Lline 13 defines the maximum number of lines in the chat viewing window. Too small, and an adequate conversation is impossible. Too large, and the viewing window starts scrolling. I tried putting the newest messages at the top so that even a scrolled window was OK, and it was too unnatural to read the messages from bottom to top to catch up. So, just keep the count low, and you won't scroll.

Line 14 defines the maximum length for an identifying name, while line 15 similarly defines the length of a message line. Again, there's a tradeoff. If you permit long lines, things will scroll more often, but people can get their message said in fewer lines more often.

Line 18 fetches our web host from a CGI environment variable provided by the web server.

Lines 20 through 23 attempt to set up a miniwebserver at the designated host and port. If it fails, we'll get a warning (hence the warnings turned off), and we know that an existing webserver is there ready to serve. If it succeeds, we must fork and become the web server, noted later. Line 24 computes the URL for this webserver, in either case.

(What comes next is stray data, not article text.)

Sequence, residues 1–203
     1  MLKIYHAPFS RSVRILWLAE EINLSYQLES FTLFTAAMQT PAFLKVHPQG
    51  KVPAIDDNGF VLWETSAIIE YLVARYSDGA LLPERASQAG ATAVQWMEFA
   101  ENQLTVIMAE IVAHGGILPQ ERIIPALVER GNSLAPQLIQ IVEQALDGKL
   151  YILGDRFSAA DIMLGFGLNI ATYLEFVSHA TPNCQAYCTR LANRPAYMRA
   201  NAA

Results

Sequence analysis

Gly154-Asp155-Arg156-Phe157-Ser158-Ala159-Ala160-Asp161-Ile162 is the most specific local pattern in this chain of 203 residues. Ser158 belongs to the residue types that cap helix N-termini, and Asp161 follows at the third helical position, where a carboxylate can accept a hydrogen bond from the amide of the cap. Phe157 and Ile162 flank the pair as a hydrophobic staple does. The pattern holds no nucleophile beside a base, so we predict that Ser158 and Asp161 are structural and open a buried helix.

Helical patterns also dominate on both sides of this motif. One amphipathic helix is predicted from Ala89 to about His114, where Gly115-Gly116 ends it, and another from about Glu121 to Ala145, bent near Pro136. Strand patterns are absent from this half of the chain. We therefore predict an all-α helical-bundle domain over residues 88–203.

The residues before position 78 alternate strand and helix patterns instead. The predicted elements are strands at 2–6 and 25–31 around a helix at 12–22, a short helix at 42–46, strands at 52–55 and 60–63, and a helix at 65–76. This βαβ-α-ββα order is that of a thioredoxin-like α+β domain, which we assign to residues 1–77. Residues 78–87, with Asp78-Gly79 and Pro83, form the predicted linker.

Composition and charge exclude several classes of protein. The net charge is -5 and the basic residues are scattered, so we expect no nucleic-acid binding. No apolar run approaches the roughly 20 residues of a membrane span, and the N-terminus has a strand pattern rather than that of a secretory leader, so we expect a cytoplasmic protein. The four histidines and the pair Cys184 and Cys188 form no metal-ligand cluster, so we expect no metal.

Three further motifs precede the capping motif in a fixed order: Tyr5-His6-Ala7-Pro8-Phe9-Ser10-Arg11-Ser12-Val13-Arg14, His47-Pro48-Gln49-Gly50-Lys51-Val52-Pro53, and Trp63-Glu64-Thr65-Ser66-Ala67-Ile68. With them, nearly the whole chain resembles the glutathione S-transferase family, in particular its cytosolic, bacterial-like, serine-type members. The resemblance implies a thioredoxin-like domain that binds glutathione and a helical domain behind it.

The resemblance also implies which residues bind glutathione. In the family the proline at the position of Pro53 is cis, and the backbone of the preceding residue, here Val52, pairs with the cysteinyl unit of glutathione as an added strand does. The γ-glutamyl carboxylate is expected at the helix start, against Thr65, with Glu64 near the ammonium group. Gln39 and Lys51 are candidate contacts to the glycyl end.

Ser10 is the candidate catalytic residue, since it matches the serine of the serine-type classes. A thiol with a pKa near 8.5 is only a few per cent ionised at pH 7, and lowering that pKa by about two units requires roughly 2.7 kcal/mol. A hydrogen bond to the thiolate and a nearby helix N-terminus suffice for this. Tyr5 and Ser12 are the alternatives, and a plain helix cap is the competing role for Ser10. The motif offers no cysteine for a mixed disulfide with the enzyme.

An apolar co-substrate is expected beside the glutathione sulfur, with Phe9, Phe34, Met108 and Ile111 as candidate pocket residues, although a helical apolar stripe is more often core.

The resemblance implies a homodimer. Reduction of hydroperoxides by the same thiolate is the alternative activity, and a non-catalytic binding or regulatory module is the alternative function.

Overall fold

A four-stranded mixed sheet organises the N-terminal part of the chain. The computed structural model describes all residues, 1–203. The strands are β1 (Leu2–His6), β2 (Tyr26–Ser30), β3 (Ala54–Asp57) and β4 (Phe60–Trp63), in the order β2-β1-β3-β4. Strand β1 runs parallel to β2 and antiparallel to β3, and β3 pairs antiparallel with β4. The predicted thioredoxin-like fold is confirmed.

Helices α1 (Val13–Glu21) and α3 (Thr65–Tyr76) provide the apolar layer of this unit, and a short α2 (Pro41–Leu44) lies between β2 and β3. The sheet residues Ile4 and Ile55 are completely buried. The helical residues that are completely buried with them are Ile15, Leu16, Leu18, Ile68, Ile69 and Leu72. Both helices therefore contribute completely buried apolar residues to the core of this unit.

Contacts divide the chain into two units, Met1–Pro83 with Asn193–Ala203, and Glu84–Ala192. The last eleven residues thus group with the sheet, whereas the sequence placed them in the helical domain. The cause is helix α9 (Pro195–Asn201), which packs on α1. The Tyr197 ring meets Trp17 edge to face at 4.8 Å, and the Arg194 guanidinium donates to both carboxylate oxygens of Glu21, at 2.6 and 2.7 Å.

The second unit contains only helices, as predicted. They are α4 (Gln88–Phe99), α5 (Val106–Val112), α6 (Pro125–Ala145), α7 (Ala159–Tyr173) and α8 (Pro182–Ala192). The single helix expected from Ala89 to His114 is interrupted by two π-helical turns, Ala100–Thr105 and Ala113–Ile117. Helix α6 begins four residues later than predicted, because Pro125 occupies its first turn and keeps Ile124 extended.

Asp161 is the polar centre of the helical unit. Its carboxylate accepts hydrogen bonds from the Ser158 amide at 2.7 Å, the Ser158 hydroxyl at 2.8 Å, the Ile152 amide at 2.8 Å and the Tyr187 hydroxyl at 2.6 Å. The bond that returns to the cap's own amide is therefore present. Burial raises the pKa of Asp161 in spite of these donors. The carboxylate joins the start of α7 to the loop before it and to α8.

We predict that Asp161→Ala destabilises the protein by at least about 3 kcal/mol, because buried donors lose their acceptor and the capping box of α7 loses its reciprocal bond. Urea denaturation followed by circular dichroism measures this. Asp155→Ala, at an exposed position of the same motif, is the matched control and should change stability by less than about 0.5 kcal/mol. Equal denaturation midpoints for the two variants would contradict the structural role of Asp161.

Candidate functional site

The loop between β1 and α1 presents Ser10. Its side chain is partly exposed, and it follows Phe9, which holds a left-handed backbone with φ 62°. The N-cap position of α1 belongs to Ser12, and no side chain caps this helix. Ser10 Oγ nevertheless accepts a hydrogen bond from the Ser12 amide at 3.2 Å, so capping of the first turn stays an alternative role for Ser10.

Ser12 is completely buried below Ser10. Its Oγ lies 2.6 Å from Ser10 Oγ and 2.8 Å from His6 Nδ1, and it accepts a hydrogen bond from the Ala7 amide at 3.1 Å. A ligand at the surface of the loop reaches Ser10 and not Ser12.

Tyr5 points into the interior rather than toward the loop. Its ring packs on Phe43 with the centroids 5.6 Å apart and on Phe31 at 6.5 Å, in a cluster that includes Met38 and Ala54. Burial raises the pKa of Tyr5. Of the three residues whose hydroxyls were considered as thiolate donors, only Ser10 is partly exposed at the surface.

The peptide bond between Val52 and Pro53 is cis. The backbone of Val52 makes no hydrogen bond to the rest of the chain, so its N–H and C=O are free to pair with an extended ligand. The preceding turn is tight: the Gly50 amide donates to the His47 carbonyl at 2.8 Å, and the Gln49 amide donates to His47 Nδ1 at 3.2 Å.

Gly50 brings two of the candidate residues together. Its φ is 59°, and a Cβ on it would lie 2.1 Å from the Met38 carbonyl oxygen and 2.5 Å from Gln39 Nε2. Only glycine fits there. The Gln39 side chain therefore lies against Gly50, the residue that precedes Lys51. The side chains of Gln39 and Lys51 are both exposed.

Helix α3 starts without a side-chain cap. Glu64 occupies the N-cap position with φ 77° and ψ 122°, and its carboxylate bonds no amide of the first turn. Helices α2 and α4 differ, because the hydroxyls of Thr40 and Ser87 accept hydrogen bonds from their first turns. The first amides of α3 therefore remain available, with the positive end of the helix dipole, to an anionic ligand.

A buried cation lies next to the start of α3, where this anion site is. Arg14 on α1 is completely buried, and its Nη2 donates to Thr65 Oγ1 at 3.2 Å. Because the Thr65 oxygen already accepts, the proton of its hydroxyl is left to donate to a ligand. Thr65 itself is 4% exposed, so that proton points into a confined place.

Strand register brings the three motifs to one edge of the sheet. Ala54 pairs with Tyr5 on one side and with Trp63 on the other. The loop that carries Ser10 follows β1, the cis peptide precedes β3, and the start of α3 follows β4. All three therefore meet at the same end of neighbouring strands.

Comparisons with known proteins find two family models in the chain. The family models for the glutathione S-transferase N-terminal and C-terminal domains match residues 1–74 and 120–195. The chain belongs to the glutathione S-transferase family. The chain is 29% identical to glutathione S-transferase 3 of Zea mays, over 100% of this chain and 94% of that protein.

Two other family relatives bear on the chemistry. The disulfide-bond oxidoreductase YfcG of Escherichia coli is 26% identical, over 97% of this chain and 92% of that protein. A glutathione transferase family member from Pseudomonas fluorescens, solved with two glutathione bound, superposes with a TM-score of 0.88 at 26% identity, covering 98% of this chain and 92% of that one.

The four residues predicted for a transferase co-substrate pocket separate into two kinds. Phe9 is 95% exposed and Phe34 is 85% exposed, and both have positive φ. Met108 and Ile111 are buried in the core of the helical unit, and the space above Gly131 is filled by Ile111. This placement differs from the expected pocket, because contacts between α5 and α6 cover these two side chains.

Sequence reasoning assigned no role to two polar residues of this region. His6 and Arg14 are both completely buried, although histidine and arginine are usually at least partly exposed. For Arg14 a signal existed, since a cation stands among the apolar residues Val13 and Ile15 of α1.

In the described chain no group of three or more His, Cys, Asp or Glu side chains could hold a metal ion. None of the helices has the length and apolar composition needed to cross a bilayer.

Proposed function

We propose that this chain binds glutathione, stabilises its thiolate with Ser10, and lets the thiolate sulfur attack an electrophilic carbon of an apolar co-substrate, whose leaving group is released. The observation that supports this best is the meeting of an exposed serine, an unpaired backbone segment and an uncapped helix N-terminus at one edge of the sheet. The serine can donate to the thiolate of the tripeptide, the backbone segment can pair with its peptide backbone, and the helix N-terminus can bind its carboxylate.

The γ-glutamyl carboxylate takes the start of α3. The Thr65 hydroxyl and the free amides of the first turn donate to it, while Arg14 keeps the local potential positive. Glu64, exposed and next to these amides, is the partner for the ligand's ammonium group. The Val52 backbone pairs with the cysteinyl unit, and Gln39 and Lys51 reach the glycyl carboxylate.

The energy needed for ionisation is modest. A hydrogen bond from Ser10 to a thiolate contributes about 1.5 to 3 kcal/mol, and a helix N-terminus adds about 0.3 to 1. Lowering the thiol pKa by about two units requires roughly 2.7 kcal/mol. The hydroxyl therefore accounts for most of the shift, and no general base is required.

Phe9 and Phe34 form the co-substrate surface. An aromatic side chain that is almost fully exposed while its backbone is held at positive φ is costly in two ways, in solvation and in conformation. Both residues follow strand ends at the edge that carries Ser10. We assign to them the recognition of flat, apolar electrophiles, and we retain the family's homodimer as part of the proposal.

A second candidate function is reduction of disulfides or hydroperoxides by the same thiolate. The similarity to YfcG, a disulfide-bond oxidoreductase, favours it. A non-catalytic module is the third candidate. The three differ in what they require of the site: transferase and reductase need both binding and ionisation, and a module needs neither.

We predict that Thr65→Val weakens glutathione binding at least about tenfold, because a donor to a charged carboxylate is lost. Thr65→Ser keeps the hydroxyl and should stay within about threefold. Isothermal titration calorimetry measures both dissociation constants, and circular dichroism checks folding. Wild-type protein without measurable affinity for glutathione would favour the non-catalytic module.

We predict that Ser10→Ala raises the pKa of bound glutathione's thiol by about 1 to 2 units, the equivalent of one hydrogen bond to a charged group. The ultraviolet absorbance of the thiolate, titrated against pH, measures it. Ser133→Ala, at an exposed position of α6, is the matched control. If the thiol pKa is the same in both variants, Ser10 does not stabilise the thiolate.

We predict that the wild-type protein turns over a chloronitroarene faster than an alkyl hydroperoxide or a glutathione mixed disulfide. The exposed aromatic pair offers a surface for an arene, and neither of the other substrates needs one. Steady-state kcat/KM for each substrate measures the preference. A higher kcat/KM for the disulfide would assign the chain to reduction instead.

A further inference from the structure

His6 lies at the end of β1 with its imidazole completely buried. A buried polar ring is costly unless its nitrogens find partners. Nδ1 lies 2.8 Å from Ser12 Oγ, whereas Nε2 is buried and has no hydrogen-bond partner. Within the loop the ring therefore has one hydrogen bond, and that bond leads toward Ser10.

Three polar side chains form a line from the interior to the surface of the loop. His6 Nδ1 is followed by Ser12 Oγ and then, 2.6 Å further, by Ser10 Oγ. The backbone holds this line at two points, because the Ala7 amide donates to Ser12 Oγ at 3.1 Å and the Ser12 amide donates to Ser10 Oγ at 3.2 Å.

Lines 26 through 33 generate the response to visiting the CGI script. Line 26 in particular dumps an HTTP header, defining the rest of the content as HTML. Lines 28 to 33 dump the required frameset, which unfortunately cannot be generated using HTML shortcuts. In particular, the start_html shortcut generates BODY tags, which won't work with a frameset. So, manually, I type the first less-thans and greater-thans in my CGI script in a very long time. It feels so retro. The frameset is a 75/25 split, with the reading window on top, and the writing window on the bottom. I don't actually refer to the frame names, but put them in there for future reference.

The URL for the reading frame and writing frame are both pointing at the mini-webserver. The read10 URL creates a default refresh rate of once each 10 seconds, which can be changed later.